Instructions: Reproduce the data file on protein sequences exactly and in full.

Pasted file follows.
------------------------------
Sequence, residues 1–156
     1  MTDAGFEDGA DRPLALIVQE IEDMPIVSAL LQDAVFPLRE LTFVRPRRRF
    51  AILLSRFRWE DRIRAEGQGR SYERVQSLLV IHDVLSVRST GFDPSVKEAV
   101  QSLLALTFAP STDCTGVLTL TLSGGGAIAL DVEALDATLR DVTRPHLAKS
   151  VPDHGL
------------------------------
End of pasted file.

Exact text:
Sequence, residues 1–156
     1  MTDAGFEDGA DRPLALIVQE IEDMPIVSAL LQDAVFPLRE LTFVRPRRRF
    51  AILLSRFRWE DRIRAEGQGR SYERVQSLLV IHDVLSVRST GFDPSVKEAV
   101  QSLLALTFAP STDCTGVLTL TLSGGGAIAL DVEALDATLR DVTRPHLAKS
   151  VPDHGL